Bikeshedding

Cyril Northcote Parkinson 1961

C. Northcote Parkinson (1961)

The other day I was involved in an online discussion in which one of the participants wrote that we were bikeshedding. I was unfamiliar with the expression so I looked it up. It means wasting time on details while not attending to the most significant aspects of a problem, a phenomenon that we are all familiar with.

The expression was coined by C. Northcote Parkinson (30 July 1909 – 9 March 1993), who died 26 years ago. Parkinson was a profilic naval historian, author and academic, and was noted for his satirical writing in the 1950s, in particular, Parkinson’s Law1, which became a bestseller in the USA and the UK, capturing a certain zeitgeist of anti-bureaucratic sentiment. The Parkinson’s Law of the book title is precisely stated as “Work expands so as to fill the time available.” Although intended humorously as a criticism of mismanagement, as with all satire, there was sufficient truth in the description for it to strike a chord.

Parkinson proposed various other related axioms, one of which is his Law of Triviality, which states that members of an organisation give disproportionate weight to trivial issues. The term “bikeshedding” comes from a description of a fictional finance committee meeting that devotes an inordinate amount of time to discussion of a proposal to build a bicycle shed, while giving little time to other far more important items on the agenda. The expression has been particularly popular in software development contexts over recent years.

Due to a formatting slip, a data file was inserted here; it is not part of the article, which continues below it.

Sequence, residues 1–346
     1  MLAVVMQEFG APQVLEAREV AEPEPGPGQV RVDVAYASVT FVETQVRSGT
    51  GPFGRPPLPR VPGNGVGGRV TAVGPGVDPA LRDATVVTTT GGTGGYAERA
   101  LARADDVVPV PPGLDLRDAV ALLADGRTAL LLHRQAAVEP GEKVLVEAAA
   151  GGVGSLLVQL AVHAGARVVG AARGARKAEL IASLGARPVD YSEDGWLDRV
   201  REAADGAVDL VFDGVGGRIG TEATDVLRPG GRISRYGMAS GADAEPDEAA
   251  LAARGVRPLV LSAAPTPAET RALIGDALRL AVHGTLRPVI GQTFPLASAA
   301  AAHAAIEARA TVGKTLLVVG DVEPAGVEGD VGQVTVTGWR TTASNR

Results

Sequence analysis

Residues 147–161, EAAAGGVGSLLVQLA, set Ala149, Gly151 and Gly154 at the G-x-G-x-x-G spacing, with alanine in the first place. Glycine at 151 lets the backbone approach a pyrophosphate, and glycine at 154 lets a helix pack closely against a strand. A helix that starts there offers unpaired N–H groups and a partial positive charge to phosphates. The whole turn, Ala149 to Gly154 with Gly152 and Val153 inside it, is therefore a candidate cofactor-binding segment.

In academic and business contexts, there are various related concepts, all of which describe sub-optimum performance, in impeding others and oneself from getting things done. Here is a selection:

  • Busywork. This is work that usually appears productive or of intrinsic value but actually only keeps one occupied. (Merriam-Webster)
  • Dunning–Kruger effect. This refers to the cognitive bias of people of low ability, who on account of their illusory superiority mistakenly believe that their cognitive ability is greater than it really is.
  • Fredkin’s paradox. “The more equally attractive two alternatives seem, the harder it can be to choose between them—no matter that, to the same degree, the choice can only matter less.” In other words, we often spend most time on the least important decisions.
  • Hofstadter’s law. It always takes longer than you expect.
  • Peter principle. Employees tend to rise to their level of incompetence.
  • Procrastination. Putting things off till tomorrow, on a vaiety of pretexts, is a common way of wasting time.

To this day Parkinson is revered as something of a management and public administration guru, and on the occasion of the anniversary of his death, I offer this brief homage to him. Happy bikeshedding!

1 Parkinson, C. N., & Osborn, R. C. (1957). Parkinson’s law, and other studies in administration (Vol. 24). Boston: Houghton Mifflin.

Richard Samson

Richard Samson

I’m a teacher living in Osona, Spain. I'm into tennis, dogs, and chickens. I’m also interested in translation and Moodle (well, digital tools for teaching, in general).
Richard Samson
Richard Samson

About Richard Samson

I’m a teacher living in Osona, Spain. I'm into tennis, dogs, and chickens. I’m also interested in translation and Moodle (well, digital tools for teaching, in general).
This entry was posted in Anniversaries, Word reference. Bookmark the permalink.